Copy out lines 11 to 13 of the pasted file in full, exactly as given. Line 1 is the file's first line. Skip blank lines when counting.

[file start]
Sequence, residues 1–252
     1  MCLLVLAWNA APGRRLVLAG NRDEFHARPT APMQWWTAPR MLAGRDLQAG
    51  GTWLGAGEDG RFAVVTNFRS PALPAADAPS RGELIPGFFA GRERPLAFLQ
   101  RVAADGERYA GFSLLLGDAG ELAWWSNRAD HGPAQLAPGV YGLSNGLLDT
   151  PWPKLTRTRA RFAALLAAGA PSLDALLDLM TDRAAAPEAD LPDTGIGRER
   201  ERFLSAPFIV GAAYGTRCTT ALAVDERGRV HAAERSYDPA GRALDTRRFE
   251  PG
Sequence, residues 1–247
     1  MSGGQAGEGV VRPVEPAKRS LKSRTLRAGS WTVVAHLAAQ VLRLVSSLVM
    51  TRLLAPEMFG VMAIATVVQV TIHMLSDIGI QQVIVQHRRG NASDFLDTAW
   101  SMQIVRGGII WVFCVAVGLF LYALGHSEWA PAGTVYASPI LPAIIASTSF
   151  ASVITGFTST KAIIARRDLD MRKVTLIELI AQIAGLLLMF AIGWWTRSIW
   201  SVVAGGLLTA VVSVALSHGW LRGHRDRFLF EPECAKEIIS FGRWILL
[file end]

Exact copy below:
   101  SMQIVRGGII WVFCVAVGLF LYALGHSEWA PAGTVYASPI LPAIIASTSF
   151  ASVITGFTST KAIIARRDLD MRKVTLIELI AQIAGLLLMF AIGWWTRSIW
   201  SVVAGGLLTA VVSVALSHGW LRGHRDRFLF EPECAKEIIS FGRWILL